I hated my body for as long as I can remember. I think I was 11 or 12 when I started hiding in baggy clothes and comparing myself to skinny friends. I was aware that others saw me as “chunky.” My father, on more then one occasion, would point out my 10-20 extra pounds.
It was then I started to diet.
In high school there were times I would do 100 sit ups before bed and eat nothing but salad for lunch and a small portion of dinner. Part of me at that time wished I were anorexic. I know how bad that sounds, but it’s true. I longed to be thin. I would look at my thin friends with envy and wondered what it would be like to wear a bathing suit with confidence. I knew I wasn’t obese and I knew most people didn’t think I was “fat” but I was unhappy in my skin. I started wearing oversized clothes and men’s jeans thinking I would hide my chunky frame and round belly.
In college the common freshmen 15, or should I say 25, reared its ugly head. I was not preoccupied with being thin then — I was having too much fun eating late-night meals and getting my fill at the all-you-can eat college commons. Do I even need to mention the beer? OK, I will. There was beer and a lot of it (sorry mom).
I remember one year I returned home for winter break where, during a holiday meal, a very honest family member pointed out the fact I “put on a few pounds.” I was in tears, yet, I didn’t really do much about it. That summer I watched what I ate and dropped a few pounds, settling into a new comfortable higher weight and size.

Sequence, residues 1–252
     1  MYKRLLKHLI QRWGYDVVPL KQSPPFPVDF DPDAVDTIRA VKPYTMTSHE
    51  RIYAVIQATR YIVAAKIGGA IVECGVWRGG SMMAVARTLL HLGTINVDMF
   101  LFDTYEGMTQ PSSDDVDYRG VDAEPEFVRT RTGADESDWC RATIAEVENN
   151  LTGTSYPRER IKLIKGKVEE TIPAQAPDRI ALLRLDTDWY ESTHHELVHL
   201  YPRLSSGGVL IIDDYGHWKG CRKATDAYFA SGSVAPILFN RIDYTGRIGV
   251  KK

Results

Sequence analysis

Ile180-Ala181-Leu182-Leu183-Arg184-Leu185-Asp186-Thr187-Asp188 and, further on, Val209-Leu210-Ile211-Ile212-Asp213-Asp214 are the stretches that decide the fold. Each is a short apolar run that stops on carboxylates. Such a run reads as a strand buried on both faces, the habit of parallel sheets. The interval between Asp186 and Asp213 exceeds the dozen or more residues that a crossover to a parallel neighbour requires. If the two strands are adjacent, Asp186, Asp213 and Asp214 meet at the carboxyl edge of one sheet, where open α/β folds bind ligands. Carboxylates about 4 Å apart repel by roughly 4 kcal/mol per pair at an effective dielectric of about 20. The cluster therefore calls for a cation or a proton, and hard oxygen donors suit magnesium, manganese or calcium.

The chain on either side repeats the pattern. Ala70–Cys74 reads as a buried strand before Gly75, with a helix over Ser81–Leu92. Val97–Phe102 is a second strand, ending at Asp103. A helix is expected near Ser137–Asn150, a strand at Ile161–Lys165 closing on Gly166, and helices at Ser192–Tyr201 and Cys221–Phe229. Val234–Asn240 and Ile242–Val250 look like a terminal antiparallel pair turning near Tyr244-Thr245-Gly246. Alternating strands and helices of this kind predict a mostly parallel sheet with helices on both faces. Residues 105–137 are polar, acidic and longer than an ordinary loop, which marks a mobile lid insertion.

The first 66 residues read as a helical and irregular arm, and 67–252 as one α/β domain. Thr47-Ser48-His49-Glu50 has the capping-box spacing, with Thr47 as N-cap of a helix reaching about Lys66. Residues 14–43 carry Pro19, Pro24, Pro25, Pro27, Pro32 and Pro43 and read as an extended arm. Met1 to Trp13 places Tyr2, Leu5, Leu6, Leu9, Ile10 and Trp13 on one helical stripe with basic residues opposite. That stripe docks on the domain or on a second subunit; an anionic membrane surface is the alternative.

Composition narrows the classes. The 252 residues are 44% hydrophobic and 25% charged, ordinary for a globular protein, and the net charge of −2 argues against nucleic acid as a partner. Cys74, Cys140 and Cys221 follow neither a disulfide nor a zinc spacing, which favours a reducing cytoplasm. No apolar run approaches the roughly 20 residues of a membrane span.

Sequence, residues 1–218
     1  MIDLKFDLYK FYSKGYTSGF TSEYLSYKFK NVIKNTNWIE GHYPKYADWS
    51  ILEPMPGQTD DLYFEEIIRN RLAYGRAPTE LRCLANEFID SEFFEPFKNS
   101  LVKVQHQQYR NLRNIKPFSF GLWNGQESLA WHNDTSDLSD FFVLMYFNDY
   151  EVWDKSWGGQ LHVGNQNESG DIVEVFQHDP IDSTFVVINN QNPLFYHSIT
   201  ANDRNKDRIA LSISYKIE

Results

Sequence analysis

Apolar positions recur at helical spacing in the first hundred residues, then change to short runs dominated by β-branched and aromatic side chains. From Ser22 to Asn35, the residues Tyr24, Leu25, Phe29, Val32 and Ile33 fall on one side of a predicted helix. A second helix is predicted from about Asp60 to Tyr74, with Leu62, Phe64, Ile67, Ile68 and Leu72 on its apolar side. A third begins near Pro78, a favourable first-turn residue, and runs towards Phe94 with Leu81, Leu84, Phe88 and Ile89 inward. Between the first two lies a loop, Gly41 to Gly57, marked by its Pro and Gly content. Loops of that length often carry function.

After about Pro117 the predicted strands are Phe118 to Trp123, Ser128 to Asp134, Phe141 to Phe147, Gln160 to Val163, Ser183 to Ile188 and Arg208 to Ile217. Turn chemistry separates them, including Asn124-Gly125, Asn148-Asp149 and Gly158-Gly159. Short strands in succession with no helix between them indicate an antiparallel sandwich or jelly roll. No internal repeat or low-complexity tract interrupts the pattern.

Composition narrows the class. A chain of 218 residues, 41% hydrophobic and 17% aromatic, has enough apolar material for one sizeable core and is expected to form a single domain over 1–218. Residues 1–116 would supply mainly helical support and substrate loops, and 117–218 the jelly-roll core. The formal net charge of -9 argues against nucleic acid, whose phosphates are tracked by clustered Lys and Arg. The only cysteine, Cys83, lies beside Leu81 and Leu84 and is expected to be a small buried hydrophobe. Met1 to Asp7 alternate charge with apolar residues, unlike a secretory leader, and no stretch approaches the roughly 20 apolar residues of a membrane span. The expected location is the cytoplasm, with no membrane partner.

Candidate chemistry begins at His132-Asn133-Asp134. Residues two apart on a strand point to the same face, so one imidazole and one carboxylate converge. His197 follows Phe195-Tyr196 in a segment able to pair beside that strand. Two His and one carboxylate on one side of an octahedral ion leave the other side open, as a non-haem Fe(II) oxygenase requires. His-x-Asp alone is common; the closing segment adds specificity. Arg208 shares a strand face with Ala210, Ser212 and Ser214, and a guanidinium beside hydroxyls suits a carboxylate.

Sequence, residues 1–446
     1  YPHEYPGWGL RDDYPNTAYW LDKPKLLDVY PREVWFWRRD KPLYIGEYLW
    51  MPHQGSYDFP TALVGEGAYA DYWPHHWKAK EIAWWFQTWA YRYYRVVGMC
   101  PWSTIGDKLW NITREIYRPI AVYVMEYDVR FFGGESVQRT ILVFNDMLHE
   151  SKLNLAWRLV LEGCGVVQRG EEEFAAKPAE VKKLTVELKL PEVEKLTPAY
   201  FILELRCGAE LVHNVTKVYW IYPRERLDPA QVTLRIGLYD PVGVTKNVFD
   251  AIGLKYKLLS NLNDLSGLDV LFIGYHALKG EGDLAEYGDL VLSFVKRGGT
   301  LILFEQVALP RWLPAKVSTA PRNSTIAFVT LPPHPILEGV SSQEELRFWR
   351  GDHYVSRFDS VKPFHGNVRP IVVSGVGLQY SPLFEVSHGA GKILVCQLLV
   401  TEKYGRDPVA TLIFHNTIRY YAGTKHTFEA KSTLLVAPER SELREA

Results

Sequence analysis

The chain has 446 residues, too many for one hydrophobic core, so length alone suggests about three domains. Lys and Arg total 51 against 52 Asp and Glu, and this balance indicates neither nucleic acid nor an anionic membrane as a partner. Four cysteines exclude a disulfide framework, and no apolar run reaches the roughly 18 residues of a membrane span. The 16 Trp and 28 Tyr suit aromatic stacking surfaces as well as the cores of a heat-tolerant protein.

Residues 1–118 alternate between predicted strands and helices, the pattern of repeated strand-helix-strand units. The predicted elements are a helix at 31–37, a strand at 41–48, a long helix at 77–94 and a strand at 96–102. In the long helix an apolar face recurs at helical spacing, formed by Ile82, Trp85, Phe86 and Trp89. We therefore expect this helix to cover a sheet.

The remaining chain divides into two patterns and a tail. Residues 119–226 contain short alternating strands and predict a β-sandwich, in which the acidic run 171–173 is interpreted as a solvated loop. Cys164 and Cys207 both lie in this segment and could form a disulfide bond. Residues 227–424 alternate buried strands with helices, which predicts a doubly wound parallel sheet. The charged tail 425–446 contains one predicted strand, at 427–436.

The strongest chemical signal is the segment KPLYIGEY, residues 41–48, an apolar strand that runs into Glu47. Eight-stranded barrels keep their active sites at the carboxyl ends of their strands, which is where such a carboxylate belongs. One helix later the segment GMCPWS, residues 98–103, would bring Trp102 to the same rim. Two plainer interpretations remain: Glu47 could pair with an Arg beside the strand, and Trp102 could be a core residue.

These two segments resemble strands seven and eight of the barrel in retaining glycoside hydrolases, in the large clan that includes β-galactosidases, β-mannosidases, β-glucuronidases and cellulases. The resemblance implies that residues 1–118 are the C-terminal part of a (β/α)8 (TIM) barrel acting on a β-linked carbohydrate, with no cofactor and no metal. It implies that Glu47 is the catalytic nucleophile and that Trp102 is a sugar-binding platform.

This cycle continued throughout college. Every school year I would gain about 20 pounds only to lose about half of that the following summer. By the time I graduated I was almost 30 pounds heavier then I was in high school.
I was depressed that I let myself go as much as I did, yet I still really didn’t do much about it. I remember wanting to be thin and trying to get control of my eating but never staying motivated enough to stay on a diet. My need to eat always seemed to take over my desire to be thin.
I entered graduate school immediately after undergrad. Within the year I was over 200 pounds. Nothing fit. I had to buy a business suit for graduation two sizes larger then I’ve ever worn. I was horrified, depressed and mad at myself for not doing anything about it. I now longed to be that “chunky” girl in high school. I looked at pictures of myself in disbelief. I was skinny! What the heck was I thinking back then?
Post-college I was on a mission. In that first year after graduate school, I lost about 45 pounds. How did I do it? I really don’t want to tell you but I will. I tried everything: the zero-calorie diet, fasting, the Zone, Xenadrine, and finally Atkins. I found the most success on low-carbohydrate dieting. I was a low-carb guru. I knew the “net effective carb” count of everything. I would eat bacon, bun-less cheeseburgers and pounds of cheese. It seemed perfect for me. I was able to eat large portions of foods I liked.